Loyola University Maryland

Writing Department

Lucas Southworth

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Assistant Professor of Writing
Maryland Hall 043NPicture of Lucas Southworth
410-617-5053
410-617-2934 (fax)
lsouthworth@loyola.edu

As a teacher:
As a creative writing professor, I encourage writing students to think of themselves as community artists. I believe most writing instruction happens outside the classroom as writers compare notes, share stories or poems, or encourage others who do not write to give it a try. It is my goal to continue to fortify the writing program at Loyola by being a part of the creative writing community and to always be working with students to strengthen it further. This includes encouraging reading events, publishing chapbooks with students, and advising our magazines, the Forum and the Garland.

In Writing 100, I place an emphasis on making writing and essays more personal, relatable, and immediate. My essay assignments are designed to encourage students to become responsible for their learning through critical thinking, analysis, and imagination. Most of my WR 100 classes use a theme (this semester: monsters) to help students think and write about larger and more complicated societal, cultural, and personal issues. I want students to consider how they can add their voices to already existing conversations and how they can gain enough confidence in their ideas to share their writing and viewpoints with others. Here is my Vitae in PDF.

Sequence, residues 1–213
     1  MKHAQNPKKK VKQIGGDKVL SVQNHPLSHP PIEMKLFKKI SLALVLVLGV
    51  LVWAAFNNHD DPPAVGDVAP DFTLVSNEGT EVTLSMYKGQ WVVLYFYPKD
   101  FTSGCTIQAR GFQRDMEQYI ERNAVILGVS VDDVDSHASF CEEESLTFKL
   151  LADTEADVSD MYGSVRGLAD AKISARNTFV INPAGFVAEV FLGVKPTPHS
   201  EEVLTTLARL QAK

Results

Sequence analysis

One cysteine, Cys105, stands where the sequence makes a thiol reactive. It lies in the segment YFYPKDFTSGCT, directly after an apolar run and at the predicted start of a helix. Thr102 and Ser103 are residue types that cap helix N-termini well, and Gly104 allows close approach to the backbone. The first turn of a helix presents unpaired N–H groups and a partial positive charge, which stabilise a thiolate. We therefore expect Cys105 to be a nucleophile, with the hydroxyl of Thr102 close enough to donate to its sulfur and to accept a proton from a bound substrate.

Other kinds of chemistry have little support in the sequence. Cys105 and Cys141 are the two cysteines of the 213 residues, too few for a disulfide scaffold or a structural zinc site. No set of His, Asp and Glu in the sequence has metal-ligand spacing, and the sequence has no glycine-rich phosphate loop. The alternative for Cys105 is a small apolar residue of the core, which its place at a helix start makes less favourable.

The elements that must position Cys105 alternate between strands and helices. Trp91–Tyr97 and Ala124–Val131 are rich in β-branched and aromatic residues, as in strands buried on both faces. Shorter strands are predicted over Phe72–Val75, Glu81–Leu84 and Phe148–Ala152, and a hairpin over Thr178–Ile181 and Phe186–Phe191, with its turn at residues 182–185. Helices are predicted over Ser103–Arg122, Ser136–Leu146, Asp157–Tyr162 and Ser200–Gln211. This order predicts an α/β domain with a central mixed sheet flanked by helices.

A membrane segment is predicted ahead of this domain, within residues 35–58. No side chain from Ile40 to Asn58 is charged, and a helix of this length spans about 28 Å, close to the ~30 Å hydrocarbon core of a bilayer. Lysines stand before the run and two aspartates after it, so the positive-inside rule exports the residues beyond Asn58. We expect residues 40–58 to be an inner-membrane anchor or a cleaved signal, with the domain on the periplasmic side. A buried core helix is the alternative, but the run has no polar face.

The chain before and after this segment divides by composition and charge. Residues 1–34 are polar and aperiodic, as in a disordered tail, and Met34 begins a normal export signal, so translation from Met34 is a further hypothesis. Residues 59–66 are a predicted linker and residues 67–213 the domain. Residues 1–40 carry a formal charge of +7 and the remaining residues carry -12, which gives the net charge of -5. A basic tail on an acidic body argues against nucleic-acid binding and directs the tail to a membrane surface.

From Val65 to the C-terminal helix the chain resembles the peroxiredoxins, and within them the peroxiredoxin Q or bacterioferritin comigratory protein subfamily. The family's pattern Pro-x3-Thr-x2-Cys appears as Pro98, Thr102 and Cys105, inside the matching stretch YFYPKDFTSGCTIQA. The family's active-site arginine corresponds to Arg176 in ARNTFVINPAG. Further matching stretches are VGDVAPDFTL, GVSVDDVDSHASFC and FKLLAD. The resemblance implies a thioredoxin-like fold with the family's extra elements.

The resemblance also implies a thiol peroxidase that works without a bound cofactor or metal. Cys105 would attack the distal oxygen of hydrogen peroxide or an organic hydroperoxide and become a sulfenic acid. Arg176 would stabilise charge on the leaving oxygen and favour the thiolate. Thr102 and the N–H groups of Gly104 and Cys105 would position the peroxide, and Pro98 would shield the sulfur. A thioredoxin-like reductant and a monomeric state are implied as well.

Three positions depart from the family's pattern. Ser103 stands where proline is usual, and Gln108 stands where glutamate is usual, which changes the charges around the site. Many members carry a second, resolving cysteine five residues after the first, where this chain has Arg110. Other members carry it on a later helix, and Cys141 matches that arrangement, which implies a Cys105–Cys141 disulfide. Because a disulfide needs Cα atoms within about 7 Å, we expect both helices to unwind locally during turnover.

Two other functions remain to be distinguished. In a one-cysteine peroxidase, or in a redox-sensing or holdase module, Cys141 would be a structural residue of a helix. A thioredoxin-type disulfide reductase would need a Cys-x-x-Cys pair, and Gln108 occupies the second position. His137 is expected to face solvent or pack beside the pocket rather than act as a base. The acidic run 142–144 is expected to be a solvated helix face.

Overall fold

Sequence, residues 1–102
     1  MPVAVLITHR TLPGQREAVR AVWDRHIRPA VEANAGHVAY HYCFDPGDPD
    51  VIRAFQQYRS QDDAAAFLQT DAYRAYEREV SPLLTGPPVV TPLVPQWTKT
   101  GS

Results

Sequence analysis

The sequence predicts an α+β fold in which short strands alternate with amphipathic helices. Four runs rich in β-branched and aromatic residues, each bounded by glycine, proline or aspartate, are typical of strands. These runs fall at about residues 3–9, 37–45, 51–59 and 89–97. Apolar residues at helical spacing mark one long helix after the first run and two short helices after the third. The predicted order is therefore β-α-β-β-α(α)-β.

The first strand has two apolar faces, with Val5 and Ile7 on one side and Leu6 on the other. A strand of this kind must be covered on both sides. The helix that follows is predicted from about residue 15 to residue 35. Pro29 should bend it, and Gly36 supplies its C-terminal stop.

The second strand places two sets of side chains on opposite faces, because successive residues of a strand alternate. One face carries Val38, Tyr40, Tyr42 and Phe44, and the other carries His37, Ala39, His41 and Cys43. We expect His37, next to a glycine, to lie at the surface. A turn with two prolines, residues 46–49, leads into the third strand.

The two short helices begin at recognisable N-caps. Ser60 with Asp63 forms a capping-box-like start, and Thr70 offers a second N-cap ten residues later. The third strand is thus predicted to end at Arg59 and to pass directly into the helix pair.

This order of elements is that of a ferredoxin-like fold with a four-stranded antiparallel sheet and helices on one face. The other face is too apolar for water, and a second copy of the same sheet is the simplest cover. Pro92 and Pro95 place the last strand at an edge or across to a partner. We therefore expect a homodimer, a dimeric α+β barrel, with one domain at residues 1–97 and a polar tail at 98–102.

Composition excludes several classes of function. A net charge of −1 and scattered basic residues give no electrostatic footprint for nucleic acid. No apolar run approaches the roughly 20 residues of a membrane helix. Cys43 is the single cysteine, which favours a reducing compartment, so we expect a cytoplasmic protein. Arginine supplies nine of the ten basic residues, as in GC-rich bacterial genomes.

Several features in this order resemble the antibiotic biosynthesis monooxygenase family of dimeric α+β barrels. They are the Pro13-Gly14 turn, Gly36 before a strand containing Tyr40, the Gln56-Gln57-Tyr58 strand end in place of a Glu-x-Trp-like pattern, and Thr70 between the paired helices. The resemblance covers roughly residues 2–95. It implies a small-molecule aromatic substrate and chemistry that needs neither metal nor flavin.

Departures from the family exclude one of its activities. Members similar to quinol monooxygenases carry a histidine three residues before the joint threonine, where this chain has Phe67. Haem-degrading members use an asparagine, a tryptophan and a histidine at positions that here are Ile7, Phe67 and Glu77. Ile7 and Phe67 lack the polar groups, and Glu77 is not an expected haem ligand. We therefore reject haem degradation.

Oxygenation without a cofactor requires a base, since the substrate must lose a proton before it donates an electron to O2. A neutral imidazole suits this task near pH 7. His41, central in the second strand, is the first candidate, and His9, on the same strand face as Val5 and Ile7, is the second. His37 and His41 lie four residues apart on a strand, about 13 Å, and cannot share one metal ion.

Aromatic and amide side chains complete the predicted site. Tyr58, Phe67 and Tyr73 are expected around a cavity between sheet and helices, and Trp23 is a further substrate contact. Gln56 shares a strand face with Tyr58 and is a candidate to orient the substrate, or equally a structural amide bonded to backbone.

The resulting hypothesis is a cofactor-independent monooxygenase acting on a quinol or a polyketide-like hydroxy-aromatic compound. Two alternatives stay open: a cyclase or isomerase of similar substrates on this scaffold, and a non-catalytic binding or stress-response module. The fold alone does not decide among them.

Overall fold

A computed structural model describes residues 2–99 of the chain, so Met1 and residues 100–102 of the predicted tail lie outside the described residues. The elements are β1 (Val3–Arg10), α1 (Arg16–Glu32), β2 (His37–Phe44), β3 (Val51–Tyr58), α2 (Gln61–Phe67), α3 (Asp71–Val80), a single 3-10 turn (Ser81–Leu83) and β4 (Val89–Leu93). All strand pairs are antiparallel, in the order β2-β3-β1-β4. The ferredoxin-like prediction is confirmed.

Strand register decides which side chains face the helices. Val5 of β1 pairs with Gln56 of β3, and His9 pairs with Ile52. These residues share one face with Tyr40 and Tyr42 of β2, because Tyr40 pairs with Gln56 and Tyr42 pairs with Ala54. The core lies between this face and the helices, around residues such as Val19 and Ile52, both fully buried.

As a writer:
I’m interested in how the non-traditional and ambiguous narrative styles that come naturally to me both mirror and oppose more traditional forms of storytelling, from the most basic—myths and fairy tales—to those we experience in pop culture every day—film and television writing. Currently, I’m working on a novel that explores how a murder has a range of consequences upon the community surrounding it—from those very close to the murderer and the victim, to those who simply read about it in the newspaper. The book’s non-conventional structure seeks to examine how imagination, memory, gossip, and speculation can alter an incident, rewrite it, or allow it to vary from perspective to perspective. There are many different possibilities, and there's also a character living in solitary confinement in a “coffin” on mars.

Cover of Everyone Here Has a GunMy collection of short stories, Everyone Here Has a Gun, came out in 2013. You can information reviews, interviews, essays, etc at my website, and purchasing info at Amazon.com and University of Massachusetts Press.